Osteoporosis is a disease in which bones lose strength and density. Results of studies have been inconsistent, but some point to soft drink consumption as having a negative effect on bone density. This has important implications to the more than 10 million Americans, mostly women, who have osteoporosis as well as those who are at risk for osteoporosis. The chief concerns related to soft drinks are that 1) they displace milk in the diet which is a rich source of calcium and 2) some contain phosphoric acid which binds with calcium to impair its absorption.
When taking factors related to calcium metabolism and bone development into consideration (age, calcium intake, exercise, use of tobacco and alcohol, estrogen status, etc.) some studies have found no association between bone density and intake of any type of carbonated beverage. One study, however, has shown that in teenaged girls, consumption of colas and other carbonated beverages tripled the risk of bone fractures compared to girls who did not drink carbonated beverages. This is particularly disturbing since adolescence is a crucial time for bone development that provides protection against osteoporosis later in life.
One of the largest studies on the subject involved the Framingham cohort, a population of individuals in the Framingham, Massachusetts area who have served as subjects for a number of long-term studies. Findings from this study indicated that in women, but not in men, consumption of more than three servings of cola per day resulted in significantly lower bone density readings as compared to those women who drank only one serving per day. Non-cola beverages, on the other hand did not seem to affect bone density in women or men. The postulated reason for this is that the phosphoric acid in cola beverages negatively affected calcium absorption. These results suggest that cola, but not other carbonated soft drink consumption, contributes to lower bone density in adult women.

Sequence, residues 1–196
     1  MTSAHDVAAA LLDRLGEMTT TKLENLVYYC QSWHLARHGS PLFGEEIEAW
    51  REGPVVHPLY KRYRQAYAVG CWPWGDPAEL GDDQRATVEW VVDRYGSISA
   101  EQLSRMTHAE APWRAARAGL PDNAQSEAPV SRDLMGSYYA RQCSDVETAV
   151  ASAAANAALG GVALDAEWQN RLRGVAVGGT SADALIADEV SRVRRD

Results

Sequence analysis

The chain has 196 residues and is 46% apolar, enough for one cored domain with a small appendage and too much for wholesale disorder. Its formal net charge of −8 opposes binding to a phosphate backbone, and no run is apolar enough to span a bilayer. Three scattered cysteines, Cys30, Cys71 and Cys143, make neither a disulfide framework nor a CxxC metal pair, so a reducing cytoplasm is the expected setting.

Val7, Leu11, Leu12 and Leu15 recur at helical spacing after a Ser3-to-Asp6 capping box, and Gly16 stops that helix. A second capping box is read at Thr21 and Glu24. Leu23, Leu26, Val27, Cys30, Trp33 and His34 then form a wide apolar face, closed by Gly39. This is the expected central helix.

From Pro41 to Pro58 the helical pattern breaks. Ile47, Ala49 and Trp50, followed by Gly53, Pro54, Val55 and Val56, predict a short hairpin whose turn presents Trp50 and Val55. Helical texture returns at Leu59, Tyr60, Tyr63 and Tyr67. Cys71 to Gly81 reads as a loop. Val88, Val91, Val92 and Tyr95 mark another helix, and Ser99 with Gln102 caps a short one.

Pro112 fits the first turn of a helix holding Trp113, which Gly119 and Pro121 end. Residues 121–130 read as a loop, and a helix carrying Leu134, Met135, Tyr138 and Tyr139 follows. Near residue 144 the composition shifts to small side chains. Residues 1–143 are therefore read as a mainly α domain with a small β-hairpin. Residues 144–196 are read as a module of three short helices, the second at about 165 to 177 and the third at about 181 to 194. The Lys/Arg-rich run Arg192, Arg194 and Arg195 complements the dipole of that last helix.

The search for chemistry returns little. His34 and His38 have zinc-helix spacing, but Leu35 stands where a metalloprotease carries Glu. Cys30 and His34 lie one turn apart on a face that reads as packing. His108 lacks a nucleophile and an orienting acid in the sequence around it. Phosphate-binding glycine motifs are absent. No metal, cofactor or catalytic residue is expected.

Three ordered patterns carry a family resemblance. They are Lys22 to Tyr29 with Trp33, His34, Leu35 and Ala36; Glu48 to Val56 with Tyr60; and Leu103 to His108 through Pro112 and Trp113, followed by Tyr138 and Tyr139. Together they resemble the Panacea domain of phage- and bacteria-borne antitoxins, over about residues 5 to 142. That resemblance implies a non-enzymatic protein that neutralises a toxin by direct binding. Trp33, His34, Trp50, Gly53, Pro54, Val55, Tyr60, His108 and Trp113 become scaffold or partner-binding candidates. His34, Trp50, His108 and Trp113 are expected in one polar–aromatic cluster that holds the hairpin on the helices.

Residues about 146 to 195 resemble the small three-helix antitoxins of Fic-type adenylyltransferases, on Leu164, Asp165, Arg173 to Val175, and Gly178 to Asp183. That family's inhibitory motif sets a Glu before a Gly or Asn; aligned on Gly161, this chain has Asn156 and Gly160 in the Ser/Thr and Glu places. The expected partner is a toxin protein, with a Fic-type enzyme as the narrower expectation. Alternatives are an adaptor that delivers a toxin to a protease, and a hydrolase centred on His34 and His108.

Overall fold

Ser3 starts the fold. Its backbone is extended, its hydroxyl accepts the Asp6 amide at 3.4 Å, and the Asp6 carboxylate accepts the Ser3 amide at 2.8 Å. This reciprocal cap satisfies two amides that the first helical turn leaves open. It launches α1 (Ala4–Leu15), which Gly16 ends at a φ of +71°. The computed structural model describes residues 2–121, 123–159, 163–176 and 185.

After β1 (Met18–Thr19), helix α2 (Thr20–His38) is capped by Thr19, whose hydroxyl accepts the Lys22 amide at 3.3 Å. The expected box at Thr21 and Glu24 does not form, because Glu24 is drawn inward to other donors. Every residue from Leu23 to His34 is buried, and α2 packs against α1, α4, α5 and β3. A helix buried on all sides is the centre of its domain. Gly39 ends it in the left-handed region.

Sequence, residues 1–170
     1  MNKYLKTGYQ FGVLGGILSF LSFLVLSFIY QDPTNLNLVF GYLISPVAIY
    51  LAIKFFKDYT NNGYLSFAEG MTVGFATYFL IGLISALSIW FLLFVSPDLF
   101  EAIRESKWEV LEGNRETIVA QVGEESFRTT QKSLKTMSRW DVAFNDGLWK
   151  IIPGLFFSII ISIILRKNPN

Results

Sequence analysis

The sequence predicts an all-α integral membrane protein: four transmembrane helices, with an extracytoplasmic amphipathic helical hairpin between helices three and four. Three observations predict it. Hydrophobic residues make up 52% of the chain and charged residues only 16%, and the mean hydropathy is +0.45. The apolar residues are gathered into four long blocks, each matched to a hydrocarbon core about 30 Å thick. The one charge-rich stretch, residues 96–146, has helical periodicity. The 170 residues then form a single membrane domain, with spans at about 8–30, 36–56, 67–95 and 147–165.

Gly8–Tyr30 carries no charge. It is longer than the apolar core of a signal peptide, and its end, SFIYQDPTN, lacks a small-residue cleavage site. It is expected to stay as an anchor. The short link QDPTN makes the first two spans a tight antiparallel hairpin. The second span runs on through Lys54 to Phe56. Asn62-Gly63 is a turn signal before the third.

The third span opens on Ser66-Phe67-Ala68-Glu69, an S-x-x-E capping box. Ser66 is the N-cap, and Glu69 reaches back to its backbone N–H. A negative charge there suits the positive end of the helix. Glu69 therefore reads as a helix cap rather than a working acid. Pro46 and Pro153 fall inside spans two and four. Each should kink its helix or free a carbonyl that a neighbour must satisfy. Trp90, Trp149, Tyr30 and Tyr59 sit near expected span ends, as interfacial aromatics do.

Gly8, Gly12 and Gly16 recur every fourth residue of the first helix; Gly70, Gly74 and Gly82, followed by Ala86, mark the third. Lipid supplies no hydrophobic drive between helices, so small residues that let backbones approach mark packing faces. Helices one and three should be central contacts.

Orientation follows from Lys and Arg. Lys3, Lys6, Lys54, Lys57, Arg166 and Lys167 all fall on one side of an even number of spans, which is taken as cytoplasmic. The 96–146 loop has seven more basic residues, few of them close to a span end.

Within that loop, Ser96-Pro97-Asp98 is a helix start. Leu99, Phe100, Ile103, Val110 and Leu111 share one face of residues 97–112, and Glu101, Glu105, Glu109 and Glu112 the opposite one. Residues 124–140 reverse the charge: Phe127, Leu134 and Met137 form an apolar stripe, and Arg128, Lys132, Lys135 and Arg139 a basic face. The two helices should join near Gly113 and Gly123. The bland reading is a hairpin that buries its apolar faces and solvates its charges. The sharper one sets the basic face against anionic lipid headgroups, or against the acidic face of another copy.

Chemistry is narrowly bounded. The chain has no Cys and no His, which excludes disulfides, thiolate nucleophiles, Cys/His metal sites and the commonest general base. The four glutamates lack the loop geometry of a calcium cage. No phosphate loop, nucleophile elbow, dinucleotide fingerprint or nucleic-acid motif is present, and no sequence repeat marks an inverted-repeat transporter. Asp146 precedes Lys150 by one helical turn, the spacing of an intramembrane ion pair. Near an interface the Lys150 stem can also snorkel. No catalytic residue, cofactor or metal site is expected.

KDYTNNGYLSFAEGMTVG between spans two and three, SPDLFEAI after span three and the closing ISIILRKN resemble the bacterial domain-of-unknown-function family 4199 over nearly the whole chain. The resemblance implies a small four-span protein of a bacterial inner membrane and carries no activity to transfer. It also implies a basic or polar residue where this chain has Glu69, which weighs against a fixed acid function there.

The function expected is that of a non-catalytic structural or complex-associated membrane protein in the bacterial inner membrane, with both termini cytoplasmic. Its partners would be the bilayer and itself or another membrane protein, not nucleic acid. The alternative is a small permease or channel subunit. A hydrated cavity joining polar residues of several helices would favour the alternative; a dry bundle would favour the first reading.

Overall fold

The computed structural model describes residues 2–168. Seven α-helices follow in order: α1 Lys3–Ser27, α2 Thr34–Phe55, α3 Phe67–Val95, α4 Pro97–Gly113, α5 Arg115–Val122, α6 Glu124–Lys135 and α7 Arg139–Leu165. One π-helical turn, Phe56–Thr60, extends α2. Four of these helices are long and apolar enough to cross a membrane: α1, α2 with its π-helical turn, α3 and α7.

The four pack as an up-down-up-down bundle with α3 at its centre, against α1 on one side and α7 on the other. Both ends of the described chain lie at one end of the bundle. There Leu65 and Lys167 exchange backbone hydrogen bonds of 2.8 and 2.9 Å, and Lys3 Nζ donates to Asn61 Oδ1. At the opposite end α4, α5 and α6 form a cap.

Once established, osteoporosis can be difficult to impossible to reverse. This is why it is so important to take steps to prevent its development in the first place. Measures that help maintain bone health include getting the recommended amounts of calcium and vitamin D each day. Dietary intake of calcium can be increased by eating more dairy products, fish, such as canned salmon and sardines, dark green leafy vegetables and calcium fortified orange juice. Also, engaging in regular weight-bearing exercise and avoiding smoking or drinking excessive amounts of alcohol are correlated with improved bone health. Along with these measures, the National Osteoporosis Foundation advises that people with osteoporosis should not drink more than five cola drinks a week.
Sources for article:
Teenaged girls, carbonated beverage consumption, and bone fractures from the Archives Pediatric Adolescent Medicine
Colas, but not other carbonated beverages, are associated with low bone mineral density in older women: The Framingham Osteoporosis Study from the American Journal of Clinical Nutrition
Frequently Asked Questions regarding Osteoporosis from the National Osteoporosis Foundation